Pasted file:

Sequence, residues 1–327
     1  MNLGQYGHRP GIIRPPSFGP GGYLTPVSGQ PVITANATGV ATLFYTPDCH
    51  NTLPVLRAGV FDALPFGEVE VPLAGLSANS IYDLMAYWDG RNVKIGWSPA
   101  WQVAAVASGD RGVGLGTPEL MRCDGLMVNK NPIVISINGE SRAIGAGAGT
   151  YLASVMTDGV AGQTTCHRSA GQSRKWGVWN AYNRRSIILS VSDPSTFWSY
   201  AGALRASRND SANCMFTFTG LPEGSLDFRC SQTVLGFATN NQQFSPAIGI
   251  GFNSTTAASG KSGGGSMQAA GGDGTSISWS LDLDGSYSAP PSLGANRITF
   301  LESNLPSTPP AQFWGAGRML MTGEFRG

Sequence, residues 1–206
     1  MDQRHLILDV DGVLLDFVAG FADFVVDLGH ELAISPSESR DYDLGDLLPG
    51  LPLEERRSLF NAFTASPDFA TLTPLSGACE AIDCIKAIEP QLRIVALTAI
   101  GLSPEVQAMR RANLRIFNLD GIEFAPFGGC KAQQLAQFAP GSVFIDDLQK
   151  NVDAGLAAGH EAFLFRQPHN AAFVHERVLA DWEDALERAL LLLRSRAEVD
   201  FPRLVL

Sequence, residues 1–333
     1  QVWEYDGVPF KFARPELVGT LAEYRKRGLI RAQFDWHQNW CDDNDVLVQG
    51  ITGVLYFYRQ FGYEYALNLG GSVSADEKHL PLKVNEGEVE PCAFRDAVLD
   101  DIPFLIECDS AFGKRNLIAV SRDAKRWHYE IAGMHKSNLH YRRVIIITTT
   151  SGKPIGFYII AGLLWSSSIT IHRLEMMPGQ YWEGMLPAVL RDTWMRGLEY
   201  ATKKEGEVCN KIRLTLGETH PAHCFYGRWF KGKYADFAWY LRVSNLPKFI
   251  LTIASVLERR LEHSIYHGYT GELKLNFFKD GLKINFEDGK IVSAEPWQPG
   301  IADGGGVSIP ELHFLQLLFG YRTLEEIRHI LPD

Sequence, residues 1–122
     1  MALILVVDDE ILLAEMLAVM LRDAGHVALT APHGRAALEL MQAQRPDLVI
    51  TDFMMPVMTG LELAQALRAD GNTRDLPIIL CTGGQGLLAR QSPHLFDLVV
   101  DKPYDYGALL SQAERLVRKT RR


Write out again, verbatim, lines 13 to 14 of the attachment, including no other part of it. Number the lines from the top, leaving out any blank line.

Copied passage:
   151  NVDAGLAAGH EAFLFRQPHN AAFVHERVLA DWEDALERAL LLLRSRAEVD
   201  FPRLVL